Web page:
Electricity-Pylon-TowerDoes the above scenario seem far-fetched?  Actually, this is just the sort of scenario we often see occur in regions throughout the world as the result of natural disasters (and occasionally human sabotage), and it’s the scenario we’ll mentally prepare for in this exercise.

In preparation for this event, what portable radio kit would you assemble?  In particular, you’ll want to look for an optimal combination of features and portability for price, ($400 US for all your kit). And it isn’t just the radio we’re interested in, but also how you intend to use it.

Therefore, how do you intend to:

  1. obtain information about local and world events?
  2. communicate within your local region to assist emergency services?
  3. pass messages to friends and family over long distances?
  4. power your kit for an indeterminate amount of time?

Limitations

Rather than making this virtual challenge restrictive, the following limitations are designed to make the challenge more fun and create a level playing field for all participants.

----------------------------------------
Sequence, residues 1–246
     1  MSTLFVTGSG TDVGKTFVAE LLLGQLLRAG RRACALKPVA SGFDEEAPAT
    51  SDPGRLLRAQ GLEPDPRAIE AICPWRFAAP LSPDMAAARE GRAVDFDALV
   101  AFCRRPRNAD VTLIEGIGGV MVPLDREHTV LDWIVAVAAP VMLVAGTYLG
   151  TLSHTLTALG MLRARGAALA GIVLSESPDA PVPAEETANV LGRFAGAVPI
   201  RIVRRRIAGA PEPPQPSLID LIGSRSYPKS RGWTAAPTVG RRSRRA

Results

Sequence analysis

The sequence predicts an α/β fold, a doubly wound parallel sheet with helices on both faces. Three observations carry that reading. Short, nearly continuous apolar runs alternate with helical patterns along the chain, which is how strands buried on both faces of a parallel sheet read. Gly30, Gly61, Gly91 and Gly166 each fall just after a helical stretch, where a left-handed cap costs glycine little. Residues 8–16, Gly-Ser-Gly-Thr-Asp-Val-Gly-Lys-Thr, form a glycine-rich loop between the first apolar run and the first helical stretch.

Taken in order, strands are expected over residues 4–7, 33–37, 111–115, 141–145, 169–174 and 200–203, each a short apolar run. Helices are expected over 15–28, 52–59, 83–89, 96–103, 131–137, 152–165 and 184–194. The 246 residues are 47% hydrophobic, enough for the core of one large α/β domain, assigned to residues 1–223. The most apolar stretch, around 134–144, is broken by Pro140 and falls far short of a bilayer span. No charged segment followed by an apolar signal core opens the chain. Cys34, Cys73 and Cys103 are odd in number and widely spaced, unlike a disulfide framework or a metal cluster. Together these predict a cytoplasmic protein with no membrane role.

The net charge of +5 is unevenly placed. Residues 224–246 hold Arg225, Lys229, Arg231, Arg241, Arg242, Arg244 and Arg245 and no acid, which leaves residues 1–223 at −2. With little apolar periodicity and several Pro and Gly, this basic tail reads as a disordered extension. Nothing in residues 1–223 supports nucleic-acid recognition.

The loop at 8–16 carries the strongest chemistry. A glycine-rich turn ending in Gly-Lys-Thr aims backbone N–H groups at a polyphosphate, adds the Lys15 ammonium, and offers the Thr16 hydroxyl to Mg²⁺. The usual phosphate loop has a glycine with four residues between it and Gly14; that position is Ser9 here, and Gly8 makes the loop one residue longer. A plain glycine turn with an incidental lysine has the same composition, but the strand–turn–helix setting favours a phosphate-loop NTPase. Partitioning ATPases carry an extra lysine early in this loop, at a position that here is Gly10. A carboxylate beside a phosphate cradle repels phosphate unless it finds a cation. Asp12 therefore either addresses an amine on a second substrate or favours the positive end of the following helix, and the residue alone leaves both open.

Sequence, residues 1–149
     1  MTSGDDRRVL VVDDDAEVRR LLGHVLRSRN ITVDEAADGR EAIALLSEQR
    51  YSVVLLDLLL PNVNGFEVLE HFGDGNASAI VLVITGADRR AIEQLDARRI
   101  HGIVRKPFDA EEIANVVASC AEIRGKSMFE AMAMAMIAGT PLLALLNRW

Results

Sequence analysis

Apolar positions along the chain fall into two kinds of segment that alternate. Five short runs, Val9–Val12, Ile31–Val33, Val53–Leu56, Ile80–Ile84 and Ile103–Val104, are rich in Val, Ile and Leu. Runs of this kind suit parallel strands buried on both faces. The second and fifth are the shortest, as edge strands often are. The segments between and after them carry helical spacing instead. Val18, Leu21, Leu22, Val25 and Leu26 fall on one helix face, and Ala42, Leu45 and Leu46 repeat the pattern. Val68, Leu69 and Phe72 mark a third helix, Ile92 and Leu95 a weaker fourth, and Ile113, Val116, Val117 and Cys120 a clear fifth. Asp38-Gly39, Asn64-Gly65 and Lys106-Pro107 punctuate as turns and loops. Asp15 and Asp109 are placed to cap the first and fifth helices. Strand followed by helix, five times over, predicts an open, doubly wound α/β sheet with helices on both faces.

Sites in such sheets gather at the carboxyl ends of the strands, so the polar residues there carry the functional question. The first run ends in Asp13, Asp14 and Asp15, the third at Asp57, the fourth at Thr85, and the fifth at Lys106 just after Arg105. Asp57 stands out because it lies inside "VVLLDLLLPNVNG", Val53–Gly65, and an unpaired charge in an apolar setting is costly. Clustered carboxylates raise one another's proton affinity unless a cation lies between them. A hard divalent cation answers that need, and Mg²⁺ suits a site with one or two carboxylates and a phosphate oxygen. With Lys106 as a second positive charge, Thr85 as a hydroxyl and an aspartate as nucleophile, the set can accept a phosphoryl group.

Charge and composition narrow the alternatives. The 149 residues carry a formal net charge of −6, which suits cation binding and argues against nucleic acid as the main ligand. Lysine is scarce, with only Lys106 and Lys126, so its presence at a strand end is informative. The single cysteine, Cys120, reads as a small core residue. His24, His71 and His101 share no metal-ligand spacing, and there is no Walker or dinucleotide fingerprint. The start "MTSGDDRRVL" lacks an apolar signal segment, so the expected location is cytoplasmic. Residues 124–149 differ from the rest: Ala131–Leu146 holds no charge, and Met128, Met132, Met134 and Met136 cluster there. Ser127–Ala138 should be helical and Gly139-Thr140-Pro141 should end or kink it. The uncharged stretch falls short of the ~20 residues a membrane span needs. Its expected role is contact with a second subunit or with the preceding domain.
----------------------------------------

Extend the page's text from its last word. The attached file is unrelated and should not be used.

1. Once again, you’re limited to a (virtual) budget of $400 US to procure your supplies; ideally, this will include the shipping costs of all purchase(s) you make.
  2. You may select new, used, or homebrew gear, but you must base your choices on reality (i.e., actually find item(s) online and document the price and time of availability). If you “shop” eBay, for example, make sure you’re using the final purchase price, not the current or opening bid. If you do locate something used on eBayQTH.comQRZ.com, or at Universal Radio, for example, do include the link to the item (just to add to the fun). If you enter a homebrew radio, it should be based on something you’ve either built or used, and must include a photo. Of course, you can use multiple radios, but keep in mind the amount of space and weight these will consume in your evacuation or “bug-out” bag.

The prize package

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Click to enlarge

CountyComm is generously offering the selected entrant of this contest a prize package that includes the following items, useful whether there’s an emergency or not: